I’ve recently come to view recovery as a journey rather than a destination.

When we view recovery as a destination we can so easily become disheartened and hopeless. We see recovery as this elusive goal of happiness, an impossible reality. And who wants to continue striving and working towards the impossible? I know I sure as hell don’t want to and I’m guessing you don’t want to either.

Viewing recovery as a destination lends itself to black and white thinking. It creates a false reality of what recovery really means, what recovery actually is. You do not wake up one day and say ‘oh, would you look at that, I’m recovered now.’ There is no finish line to cross, there is no medal to win that has the word ‘recovered’ engraved on it.  That’s not how it works and continuing to believe that, that is how it works only slows your progress. You forget to look at the here and now, you miss the entire point of recovery. You will continue to reach for something that is beyond your grasp.

The point of recovery is not to get from point A to point B and think ‘okay I’m recovered now.’ It’s more like getting from point A to point B and thinking ‘wow look at the progress I’ve made, now lets work towards point C.’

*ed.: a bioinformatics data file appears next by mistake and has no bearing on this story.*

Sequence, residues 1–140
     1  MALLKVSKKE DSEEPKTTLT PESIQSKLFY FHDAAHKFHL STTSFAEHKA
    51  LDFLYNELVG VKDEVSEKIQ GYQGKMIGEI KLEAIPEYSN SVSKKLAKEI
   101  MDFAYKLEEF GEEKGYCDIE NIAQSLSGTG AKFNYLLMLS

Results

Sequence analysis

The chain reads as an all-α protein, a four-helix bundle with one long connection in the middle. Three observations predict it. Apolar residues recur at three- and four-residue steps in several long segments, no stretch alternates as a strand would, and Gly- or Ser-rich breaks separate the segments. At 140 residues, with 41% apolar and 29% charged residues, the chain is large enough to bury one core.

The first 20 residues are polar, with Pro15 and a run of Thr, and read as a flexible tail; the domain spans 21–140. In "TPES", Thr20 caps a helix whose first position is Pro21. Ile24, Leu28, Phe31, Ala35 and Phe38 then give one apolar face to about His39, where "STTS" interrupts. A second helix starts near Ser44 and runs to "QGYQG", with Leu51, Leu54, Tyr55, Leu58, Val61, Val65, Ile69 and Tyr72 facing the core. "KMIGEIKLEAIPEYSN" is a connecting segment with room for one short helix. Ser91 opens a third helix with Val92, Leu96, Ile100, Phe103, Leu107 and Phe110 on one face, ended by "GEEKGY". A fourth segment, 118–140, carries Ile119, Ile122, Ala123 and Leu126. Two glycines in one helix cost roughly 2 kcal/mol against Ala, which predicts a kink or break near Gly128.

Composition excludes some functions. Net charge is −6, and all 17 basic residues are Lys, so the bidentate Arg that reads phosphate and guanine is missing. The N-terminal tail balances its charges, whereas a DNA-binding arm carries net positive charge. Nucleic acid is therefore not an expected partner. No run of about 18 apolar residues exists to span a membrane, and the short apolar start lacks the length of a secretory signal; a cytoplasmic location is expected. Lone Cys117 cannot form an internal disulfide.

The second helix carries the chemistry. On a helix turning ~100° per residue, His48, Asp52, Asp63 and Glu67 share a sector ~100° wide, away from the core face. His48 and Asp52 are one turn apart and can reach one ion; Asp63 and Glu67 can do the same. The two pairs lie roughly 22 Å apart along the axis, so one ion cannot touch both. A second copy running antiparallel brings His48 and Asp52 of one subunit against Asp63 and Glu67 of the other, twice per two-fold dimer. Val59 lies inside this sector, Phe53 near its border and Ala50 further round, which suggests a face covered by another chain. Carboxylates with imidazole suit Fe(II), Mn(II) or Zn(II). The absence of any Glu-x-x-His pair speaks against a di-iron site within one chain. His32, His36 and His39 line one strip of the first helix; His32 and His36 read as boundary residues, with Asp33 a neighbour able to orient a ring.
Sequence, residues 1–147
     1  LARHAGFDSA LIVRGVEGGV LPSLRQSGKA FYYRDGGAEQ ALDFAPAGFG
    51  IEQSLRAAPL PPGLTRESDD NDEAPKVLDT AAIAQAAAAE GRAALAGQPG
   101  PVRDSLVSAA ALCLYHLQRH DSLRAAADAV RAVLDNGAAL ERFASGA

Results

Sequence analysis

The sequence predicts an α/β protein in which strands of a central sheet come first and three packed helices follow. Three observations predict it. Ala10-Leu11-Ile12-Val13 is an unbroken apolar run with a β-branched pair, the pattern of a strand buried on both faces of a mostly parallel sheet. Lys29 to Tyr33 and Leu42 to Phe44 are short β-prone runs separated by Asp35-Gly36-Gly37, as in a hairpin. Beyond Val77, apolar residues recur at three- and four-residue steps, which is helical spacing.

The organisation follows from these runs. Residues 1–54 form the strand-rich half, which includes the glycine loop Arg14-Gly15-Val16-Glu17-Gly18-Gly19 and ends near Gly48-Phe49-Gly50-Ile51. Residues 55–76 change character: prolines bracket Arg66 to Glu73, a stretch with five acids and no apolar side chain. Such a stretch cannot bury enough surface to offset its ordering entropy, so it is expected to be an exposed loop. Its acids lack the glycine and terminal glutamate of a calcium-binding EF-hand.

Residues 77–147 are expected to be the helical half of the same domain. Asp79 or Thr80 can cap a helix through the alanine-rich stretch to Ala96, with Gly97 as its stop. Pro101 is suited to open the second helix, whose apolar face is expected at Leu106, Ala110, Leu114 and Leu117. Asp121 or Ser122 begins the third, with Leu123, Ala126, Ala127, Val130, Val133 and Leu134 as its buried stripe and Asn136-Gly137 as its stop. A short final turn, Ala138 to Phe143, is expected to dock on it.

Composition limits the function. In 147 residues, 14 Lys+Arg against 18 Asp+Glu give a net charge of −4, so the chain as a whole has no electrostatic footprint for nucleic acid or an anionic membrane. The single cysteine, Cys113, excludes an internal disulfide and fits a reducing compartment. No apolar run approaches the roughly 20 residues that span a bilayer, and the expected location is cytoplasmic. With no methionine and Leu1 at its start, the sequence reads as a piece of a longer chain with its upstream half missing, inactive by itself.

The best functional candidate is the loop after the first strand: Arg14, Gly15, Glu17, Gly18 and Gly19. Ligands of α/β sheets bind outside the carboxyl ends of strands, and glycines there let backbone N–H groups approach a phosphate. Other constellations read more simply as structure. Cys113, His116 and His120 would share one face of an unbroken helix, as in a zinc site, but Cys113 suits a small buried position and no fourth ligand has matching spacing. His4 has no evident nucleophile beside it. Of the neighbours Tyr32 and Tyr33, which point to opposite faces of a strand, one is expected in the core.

Because there is always something new to learn. We are always working towards being a better version of ourselves. Viewing recovery as a journey rather than a destination helps to remove the pressure from the equation. It doesn’t matter how slow you go, it doesn’t even matter if you have to stop for a while, rest when you need to, the only thing that matters it that you don’t ever give up.

Often we are so focused on where we want to be, we neglect to notice and recognise just how far we have come. As we travel and make progress on our journey of recovery, our challenges and obstacles may not necessarily become smaller, but rather they begin to get easier. This is because we slowly learn how to face and combat these obstacles. We learn new copying mechanisms and new ways to look at situations. You could say we slowly build a ‘life survival kit’ or ‘arsenal’.  And for me personally, viewing recovery as a journey as helped me to not lose hope or become despondent. It has actually helped me to stay more positive which in turn has helped me to make a lot of progress.

So let me know, have you been viewing recovery as a destination or a journey? Which do you think is better? Let’s have a discussion in the comments, I’d love to hear your thoughts.


3 thoughts on “Journey vs Destination

    1. Thank you. I always find it so helpful when someone else puts what I’m feeling/thinking into words especially when I may not be able to myself at the moment in time. So I’m so glad I was able to do that for you 🙂


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